Egyptian Faience Statuette of a Hippopotamus
Egyptian · Middle Kingdom (Dynasty 11-13, ca. 2040-1650 B.C.)
L: 18 cm
The animal, whose head was certainly directed forward, stands firmly on its short, squat legs. Enlivening the surface of its skin are vegetal patterns that imitate Nilotic plants; lilies and papyrus here, while insects, frogs, or birds appear on other examples. The direction of movement is suggested by the arrangement of the legs (the animal is walking) and by the plant elements that seem to float on the skin, as if the hippopotamus were moving on the bottom of the river or preparing to leave the swamp, among the rich vegetation of a thicket. The potter’s sharp sense of observation is also reflected in the extremely accurate and proportionate rendering of the body’s volumes, which correspond closely to the anatomy of the species: rounded croup, delineated shoulders and thighs, bulging abdomen, thickness of the skin highlighted by rolls of fat, and small triangular tail. An animal both familiar and feared, the hippopotamus, which appears frequently and from earliest times in Egyptian iconography, caused extensive damage to agriculture in devastating the crops; because of its size and aggressiveness, it was dangerous for men and for navigation. Discovered mostly in undecorated tombs, these statuettes could be substitutes for painted scenes, according to some scholars: their origin, although often uncertain, usually indicates a date between the late First Intermediate Period and Dynasty 12. To the Egyptians, hippopotamuses had an ambivalent meaning: the male was generally associated with Seth, the god of evil, while the female, known as Hedjet, the white, had a positive image related to childbirth and infancy, which she protected in the form of Taweret, a fertility and mother goddess. Hunting hippopotamuses was also synonymous with achieving victory over evil and maintaining order in the universe.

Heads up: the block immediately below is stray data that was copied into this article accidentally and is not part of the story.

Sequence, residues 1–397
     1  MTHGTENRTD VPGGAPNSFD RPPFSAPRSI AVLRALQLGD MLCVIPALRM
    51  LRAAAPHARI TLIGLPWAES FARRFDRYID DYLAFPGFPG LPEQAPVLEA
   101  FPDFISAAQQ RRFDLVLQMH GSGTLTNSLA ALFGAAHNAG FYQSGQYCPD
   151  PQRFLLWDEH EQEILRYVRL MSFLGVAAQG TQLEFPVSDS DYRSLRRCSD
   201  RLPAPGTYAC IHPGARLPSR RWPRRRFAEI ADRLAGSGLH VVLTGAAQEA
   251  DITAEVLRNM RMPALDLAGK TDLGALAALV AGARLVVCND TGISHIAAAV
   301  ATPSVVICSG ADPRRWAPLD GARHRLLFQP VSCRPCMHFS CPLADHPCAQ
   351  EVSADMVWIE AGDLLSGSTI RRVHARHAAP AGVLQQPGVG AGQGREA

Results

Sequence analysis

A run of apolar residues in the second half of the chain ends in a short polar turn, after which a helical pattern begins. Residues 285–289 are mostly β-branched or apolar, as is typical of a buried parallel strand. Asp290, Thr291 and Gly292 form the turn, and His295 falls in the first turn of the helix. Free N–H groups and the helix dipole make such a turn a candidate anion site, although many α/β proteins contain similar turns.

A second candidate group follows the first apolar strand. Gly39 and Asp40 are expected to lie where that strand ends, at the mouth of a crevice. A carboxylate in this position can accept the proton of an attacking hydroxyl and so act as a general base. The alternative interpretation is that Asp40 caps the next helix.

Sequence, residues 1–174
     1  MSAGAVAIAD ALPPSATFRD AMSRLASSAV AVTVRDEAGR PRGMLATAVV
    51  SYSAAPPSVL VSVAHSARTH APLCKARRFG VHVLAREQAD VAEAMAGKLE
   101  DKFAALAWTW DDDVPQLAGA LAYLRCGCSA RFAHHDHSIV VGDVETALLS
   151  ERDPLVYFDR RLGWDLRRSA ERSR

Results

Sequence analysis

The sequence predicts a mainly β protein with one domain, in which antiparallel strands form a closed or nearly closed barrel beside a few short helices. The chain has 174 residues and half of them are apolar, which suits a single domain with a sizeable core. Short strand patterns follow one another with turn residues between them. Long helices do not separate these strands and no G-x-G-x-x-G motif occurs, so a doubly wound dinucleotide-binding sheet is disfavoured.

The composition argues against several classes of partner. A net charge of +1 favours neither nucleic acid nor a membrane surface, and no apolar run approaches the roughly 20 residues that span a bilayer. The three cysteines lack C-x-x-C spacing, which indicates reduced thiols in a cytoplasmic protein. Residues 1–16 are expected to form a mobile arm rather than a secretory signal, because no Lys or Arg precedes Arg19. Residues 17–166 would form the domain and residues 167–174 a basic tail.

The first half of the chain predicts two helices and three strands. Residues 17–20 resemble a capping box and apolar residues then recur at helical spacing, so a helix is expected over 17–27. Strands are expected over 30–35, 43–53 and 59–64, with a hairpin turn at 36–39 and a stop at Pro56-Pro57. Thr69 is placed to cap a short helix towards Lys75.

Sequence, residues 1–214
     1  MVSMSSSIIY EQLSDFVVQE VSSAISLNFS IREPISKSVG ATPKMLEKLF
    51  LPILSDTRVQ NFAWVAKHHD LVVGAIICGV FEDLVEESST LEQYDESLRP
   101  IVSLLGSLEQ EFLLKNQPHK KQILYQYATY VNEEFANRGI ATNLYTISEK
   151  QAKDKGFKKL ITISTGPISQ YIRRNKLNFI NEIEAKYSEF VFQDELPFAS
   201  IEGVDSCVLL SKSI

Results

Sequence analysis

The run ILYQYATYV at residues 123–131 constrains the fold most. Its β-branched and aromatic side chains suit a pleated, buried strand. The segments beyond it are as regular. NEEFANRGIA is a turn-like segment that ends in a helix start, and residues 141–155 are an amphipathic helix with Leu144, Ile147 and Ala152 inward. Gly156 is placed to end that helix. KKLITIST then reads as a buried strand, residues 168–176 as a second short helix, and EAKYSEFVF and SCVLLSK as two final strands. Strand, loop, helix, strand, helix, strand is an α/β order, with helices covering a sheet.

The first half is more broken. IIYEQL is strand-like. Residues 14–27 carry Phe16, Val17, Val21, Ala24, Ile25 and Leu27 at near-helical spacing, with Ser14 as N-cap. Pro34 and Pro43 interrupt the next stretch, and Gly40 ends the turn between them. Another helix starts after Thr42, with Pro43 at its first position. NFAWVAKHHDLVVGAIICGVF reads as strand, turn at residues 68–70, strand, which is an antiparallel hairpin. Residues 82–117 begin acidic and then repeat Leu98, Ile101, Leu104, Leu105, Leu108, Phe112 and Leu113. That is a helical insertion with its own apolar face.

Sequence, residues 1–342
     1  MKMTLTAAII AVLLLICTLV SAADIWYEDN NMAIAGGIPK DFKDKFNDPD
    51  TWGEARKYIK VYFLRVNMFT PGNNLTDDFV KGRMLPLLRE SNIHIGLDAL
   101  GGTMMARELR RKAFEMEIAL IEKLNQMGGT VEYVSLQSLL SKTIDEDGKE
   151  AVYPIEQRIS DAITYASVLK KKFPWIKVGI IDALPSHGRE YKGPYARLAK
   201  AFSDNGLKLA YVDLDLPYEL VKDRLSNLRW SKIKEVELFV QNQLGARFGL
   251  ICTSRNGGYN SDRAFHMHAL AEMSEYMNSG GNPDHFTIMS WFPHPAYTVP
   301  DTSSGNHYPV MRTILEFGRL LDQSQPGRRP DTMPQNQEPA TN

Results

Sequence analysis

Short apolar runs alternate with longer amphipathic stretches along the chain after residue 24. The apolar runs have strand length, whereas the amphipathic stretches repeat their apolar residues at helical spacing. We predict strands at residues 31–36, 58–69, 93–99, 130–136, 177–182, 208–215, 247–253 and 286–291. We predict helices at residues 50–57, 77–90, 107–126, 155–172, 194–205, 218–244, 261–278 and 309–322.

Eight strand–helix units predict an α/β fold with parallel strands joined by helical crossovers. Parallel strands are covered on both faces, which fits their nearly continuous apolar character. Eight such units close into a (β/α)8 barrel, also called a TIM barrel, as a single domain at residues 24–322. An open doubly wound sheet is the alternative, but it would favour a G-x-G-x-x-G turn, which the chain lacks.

Rolls of fat hang from its neck, powerful jaws hint at the large teeth within, and great bulging eyes peer forward. Except for the ears, now lost, it is complete, but it has been partially reglued (the left foreleg, probably ancient, might come from another statuette). In this type of statuette, the legs of the animal were often broken, perhaps to paralyze the creature in the afterlife.
Art market, prior to 1950;
Ex- Lionel Edwards Esq. collection, London, prior to 1950; Sotheby’s, London, July 24, 1950, lot 177;
Ex-Swiss private collection
Sotheby’s, London, July 24, 1950, lot 177
BOURRIAU J., Pharaohs and Mortals, Egyptians Art in the Middle Kingdom, exh. cat. (Cambridge, 1988), pp. 119-21.
FRIEDMAN F.D. (ed.), Gifts of the Nile, Ancient Egyptian Faience, exh. cat. (London, 1998), p. 238, nos. 142-145.
PAGE-GASSER M. – WIESE A.B., Egypte, Moments d’éternité, Art égyptien dans les collections privées, Suisse, (Mainz am Rhine, 1997), pp. 91-93, nos. 55, 56.
The Metropolitan Museum of Art
New York, New York, United States
The Brooklyn Museum
Brooklyn, New York, United States
The British Museum
London, United Kingdom